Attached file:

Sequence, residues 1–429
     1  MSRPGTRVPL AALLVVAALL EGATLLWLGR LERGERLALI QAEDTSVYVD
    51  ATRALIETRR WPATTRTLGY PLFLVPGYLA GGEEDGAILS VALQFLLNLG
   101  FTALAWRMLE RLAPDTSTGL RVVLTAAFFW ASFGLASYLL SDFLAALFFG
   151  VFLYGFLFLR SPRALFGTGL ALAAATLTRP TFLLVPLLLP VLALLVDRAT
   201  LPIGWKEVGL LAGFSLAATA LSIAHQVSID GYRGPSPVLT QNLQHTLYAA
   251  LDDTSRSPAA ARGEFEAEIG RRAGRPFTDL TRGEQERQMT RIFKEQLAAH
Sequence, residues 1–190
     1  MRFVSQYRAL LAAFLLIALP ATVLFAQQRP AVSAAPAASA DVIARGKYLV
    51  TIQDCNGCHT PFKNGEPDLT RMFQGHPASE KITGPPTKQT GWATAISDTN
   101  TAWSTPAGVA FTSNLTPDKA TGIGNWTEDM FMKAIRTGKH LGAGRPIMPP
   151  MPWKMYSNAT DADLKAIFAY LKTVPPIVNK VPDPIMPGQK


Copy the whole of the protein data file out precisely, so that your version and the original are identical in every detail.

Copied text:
Sequence, residues 1–429
     1  MSRPGTRVPL AALLVVAALL EGATLLWLGR LERGERLALI QAEDTSVYVD
    51  ATRALIETRR WPATTRTLGY PLFLVPGYLA GGEEDGAILS VALQFLLNLG
   101  FTALAWRMLE RLAPDTSTGL RVVLTAAFFW ASFGLASYLL SDFLAALFFG
   151  VFLYGFLFLR SPRALFGTGL ALAAATLTRP TFLLVPLLLP VLALLVDRAT
   201  LPIGWKEVGL LAGFSLAATA LSIAHQVSID GYRGPSPVLT QNLQHTLYAA
   251  LDDTSRSPAA ARGEFEAEIG RRAGRPFTDL TRGEQERQMT RIFKEQLAAH
Sequence, residues 1–190
     1  MRFVSQYRAL LAAFLLIALP ATVLFAQQRP AVSAAPAASA DVIARGKYLV
    51  TIQDCNGCHT PFKNGEPDLT RMFQGHPASE KITGPPTKQT GWATAISDTN
   101  TAWSTPAGVA FTSNLTPDKA TGIGNWTEDM FMKAIRTGKH LGAGRPIMPP
   151  MPWKMYSNAT DADLKAIFAY LKTVPPIVNK VPDPIMPGQK